The end result is a stock trading at the lowest PE ratio of the legacy carriers off ultra-low earnings expectations for next year. The airline forecast pretax margins of 12 to 14% for Q4 that American Airlines recently rehashed after releasing the October traffic report .

As a comparison, Delta Air Lines (NYSE:DAL ) forecast margins of 16 to 18%. American still needs to generate more synergies from the merger including the integrated pricing and efficient use of airplanes that will take at least 18 months to fully implement. These synergies will close this gap.

At the same time, investors needs to understand that the impact from Love Field and the additional competition with Spirit Airlines and Southwest Airlines (NYSE:LUV ) is a bigger direct impact to American than the other legacy airlines.

Capital Returns

One of the biggest signs that the airline industry is different this time around is the capital returns to shareholders. All of the legacy airlines are either paying dividends or repurchasing shares or both.

In the case of American Airlines, the company is aggressively repurchasing shares. In fact, the airline has easily spent a larger percentage of the market value on capital returns than the other legacy airlines.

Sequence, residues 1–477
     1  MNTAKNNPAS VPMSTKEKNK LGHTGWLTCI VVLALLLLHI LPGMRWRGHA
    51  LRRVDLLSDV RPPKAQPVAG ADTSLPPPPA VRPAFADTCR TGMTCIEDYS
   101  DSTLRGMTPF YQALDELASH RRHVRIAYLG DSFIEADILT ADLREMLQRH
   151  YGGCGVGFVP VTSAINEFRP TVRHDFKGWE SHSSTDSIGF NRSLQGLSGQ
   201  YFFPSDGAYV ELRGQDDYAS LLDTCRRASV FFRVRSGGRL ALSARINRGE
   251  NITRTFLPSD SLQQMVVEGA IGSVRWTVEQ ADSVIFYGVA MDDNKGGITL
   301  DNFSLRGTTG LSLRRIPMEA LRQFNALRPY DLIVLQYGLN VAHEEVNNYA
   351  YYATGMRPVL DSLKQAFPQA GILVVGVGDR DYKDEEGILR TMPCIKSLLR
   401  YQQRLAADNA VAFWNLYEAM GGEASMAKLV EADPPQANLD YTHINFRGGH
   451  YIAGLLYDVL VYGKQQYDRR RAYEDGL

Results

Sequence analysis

AAL Net Common Payout Yield (NYSE:TTM ) data by YCharts

During Q3, American Airlines repurchased $1.63 billion of stock at an average price of $40.56. The airlines has returned an incredible $2.7 billion to shareholders the first nine of this year alone. Keep in mind that the stock is only valued at roughly $27.4 billion.

The prime example of value is that Delta is only returning roughly 7% of the market cap to shareholders via dividends and stock buybacks. United Airlines (NYSE:UAL ) that completed the merger with Continental years prior to the American Airlines merger is returning less than 4% to shareholders.

With the general perception that the airline sector is extremely cheap, American is the only legacy airline that spent the last year proving that to shareholders. Either the other airlines don’t see the value or the company doesn’t have the money.


The key takeaway is to let analysts focus on pricing competition in a few markets while American Airlines focuses on the long-term value of the stock. The airline continues generating massive profits and substantial margins that feed the capital return programs. The recommendation remains to continue buying alongside the airline with the massive stock buyback program.